On Friday, October 21, 2016, Major internet sites such as Amazon, Netflix, Spotify, and Airbnb were no longer available in the United States. One of the most serious downtimes of internet services ever was caused by a denial-of-service attack on the US provider Dyn. Dyn is providing traffic management services for internet providers. Dyn helps them to optimize and steer internet traffic. Therefore, Dyn services are regularly involved in the operations of major internet sites. The DDoS attack on Dyn was performed by a botnet consisting of devices infected with the “Mirai” malware. Unless the most know botnet malwares, Mirai’s bots are not computers, but so-called “internet of things” (IoT) devices. For instance, Mirai infects CCTV cameras, baby phones, satellite antenna receivers, network hard drives, routers, and wifi range extenders. All these devices are internet-connected devices controlled by a linux operating system, and: with very poor security. The attack vector for Mirai to enter a device is an administrator password, which is still set to factory default, such as “admin” password for “admin” user on a widespread Chinese-manufactured CCTV camera. Mirai is scanning the internet for such devices and trying to infect them. The first DDoS attack from Mirai botnet was seen in August, the best-known attack yet was taking place in September, when Mirai DDoS attack hitted the “krebs-on-security” website. This attack, analysed and described in an Akamai security report (https://blogs.akamai.com/2016/10/when-things-attack.html), reached a total traffic of 620 Gbps, more than any DDoS shield can stand. The Friday attacks on Dyn are said to be much more powerful, with DDoS traffic of more than 1 Tbps. Speculations about the origin of the Mirai malware and the identity of the attackers are circulating. As often, there is no clear evidence. Mirai source code was published in September by a hacker named “Anna-sempai”. Since then, Mirai attacks are spreading. Bruce Schneier, one of the best-know security experts, regards the Mirai attacks as a probing, forcing the victims to “show their defense capabilities”, mainly to prepare for future, more serious attacks.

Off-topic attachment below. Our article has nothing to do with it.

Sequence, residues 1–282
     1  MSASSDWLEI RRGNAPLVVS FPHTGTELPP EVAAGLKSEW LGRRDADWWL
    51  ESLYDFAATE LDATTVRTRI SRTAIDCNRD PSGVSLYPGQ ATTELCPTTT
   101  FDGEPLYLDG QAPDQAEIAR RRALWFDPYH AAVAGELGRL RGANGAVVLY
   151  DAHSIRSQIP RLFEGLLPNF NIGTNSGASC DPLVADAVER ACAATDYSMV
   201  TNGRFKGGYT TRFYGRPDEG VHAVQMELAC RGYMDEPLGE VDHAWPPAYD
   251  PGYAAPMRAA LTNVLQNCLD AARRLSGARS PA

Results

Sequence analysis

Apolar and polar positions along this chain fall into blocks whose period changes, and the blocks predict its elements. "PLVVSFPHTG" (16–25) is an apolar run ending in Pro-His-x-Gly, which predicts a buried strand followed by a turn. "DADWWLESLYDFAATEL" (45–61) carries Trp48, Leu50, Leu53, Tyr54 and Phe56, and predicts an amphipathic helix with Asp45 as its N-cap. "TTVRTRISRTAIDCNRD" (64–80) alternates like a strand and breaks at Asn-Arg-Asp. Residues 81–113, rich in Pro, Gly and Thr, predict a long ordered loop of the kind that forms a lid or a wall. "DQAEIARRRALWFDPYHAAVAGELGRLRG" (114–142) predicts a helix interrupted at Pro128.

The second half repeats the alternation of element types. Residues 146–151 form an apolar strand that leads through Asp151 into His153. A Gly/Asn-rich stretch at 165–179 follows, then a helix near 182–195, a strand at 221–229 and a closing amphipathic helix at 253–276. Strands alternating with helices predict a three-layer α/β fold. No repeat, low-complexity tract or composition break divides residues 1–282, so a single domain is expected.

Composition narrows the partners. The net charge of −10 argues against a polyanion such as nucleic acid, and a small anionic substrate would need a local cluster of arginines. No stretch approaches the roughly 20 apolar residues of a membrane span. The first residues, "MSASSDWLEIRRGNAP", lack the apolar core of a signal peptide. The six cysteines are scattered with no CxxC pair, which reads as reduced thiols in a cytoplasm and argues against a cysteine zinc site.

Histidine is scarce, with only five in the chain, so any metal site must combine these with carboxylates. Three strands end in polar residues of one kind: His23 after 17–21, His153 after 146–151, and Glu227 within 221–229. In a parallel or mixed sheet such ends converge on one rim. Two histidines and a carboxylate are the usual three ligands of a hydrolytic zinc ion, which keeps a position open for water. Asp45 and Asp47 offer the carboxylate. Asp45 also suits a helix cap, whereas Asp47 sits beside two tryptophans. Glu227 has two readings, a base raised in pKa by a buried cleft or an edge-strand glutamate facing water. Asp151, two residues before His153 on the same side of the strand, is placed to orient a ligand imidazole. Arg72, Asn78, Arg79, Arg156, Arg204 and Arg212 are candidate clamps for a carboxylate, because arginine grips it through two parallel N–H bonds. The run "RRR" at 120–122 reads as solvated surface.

What is remarkable about the Mirai attacks is that it shows two strategic weaknesses in today’s internet security architecture:
(1) Poor IoT security: Whilst baseline computer security has been raised over the years, with anti-virus products, firewalls, and periodic patches of standard software, IoT devices are missing any baseline protection. There characteristics are a poor security architecture, the use of standard passwords, and the absentee of a patching strategy. As 6 billion IoT devices are connected to the internet right now – a number growing to 20 billion devices by 2020 – this poses a huge threat to the internet. Because manufacturers fail so far, regulators are starting to address this issue: EU digital commissioner Oettinger has announced to present a draft on IoT cybersecurity regulation in November, aiming to introduce a mandatory security labeling for IoT devices. (https://www.euractiv.com/section/innovation-industry/news/commission-plans-cybersecurity-rules-for-internet-connected-machines/)
(2) No transparency about the basic internet infrastructures: The consequences of the Dyn attack shows the crucial role, this provider plays for the functioning of the internet. However, Dyn is only one of many. There is still no transparency, no common understanding about the basic internet infrastructures – and how the world depends on it. The protection of the critical infrastructures, including the internet itself, against cyber attacks is still fragile. The debate over the “public core of the internet” (and its protection) has to be pushed, leading to international cooperation in the protection of core infrastructure components and services (see the very fruitful contribution by the Netherlands Scientific Council for Government Policy, http://www.wrr.nl/en/publications/publication/article/de-publieke-kern-van-het-internet-1/).